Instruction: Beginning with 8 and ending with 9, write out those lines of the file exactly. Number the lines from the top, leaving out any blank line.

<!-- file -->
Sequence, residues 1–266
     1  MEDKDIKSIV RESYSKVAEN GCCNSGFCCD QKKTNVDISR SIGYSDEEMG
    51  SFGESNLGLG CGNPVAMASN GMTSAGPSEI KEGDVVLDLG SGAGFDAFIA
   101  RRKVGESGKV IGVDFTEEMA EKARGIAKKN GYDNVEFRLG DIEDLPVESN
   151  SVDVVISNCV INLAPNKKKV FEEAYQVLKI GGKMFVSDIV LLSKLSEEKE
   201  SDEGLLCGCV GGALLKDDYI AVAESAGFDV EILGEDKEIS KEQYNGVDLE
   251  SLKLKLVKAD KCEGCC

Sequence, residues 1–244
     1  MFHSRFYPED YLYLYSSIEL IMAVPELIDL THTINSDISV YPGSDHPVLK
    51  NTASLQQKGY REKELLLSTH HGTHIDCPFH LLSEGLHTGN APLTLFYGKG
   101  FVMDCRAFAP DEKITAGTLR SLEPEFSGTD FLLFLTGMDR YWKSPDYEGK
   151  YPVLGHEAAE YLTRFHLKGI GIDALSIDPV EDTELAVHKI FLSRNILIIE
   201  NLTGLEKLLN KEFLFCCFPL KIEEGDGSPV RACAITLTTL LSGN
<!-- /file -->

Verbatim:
Sequence, residues 1–244
     1  MFHSRFYPED YLYLYSSIEL IMAVPELIDL THTINSDISV YPGSDHPVLK